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We all know the Department of Health’s advice that we should start weaning our darling sprogs when they reach 6 months and not a moment before. Even if our little ones are performing impressive contortionist acts in order to get to our cake (in my experience mums do eat a fair amount of cake in those first 6 months- I certainly did!) we know we must say ‘no, little dumpling, your body is not ready for food yet’.
Or should we……..?
Just over a year ago, researchers released findings that suggested that the WHO and DoH guidelines might be slightly antiquated and that we should be starting our babies off on fruit and veg (the first stage of weaning) at an earlier stage or age.
The researcher argued that breast milk alone was not enough for babies ¹ and that they needed food which contained more calories and provided babies with more iron in their diet. This belief is shared by weaning guru Annabel Karmel who has advised parents to ignore the official weaning guidelines and to start giving babies simple fruit and veg purees after 17 weeks ². She adds that the advice to exclusively breastfeed until 6 months were relevant in third world countries, but misplaced here as ‘people know the importance of sterilisation’.
However, a strong counter argument has been launched by the WHO, DoH and the Royal College of Midwives as they believe changing the official guidelines “plays into the hands of the baby food industry”. The Department of Health maintained its guidelines should stand and didn’t amend them.
I personally feel slightly frustrated that there is yet another sticky (and not the good, jam on fingers type, sticky) topic within the larger field of weaning that seems unclear and unresolved. More importantly, there is no mention of individualism in babies and an acknowledgement that some babies seem very keen to start eating as soon as possible, while others need more time to adjust to food and are happy to wait until 6 months.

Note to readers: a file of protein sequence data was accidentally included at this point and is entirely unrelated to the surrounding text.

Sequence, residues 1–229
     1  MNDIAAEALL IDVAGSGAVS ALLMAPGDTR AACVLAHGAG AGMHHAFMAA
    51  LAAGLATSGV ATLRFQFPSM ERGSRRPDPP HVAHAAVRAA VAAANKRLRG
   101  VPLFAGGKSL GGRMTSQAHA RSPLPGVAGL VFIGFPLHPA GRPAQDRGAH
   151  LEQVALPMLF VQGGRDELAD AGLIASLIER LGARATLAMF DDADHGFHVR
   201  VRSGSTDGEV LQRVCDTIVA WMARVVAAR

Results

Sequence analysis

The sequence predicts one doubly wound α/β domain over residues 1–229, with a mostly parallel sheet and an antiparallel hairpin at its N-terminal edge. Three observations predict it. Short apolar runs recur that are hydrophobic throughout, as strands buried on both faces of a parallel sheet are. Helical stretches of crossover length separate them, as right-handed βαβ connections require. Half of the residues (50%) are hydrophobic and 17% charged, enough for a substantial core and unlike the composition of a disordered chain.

When weaning our son, he made the decision fairly easy for us and he didn’t show any interest in food before 6 months. He was quite happy with his Mums milk and seemed quite aghast and a bit peeved that food was being added to the mix (he has since done a 180° and LOVES almost everything). However, and at the other end of the scale, when my friend’s babies were fairly young (around 20 weeks) they felt extremely hard done by if food was present, and they weren’t offered some (and in some cases staged lie down protests which included a full repertoire of agony and despair). If this wasn’t a cue that their babies were ready for food, I’m not sure what is!
So what do you think? Did you wait religiously for the 6 month mark to come before introducing food to your baby, or did you start earlier? Was it you that initiated feeding with your baby, or did your baby let you know when they were ready? I would be very interesting to hear a range of different ‘when to wean’ experiences so do let me know…
Rosie Wright runs weaning workshops for first time parents in Brighton.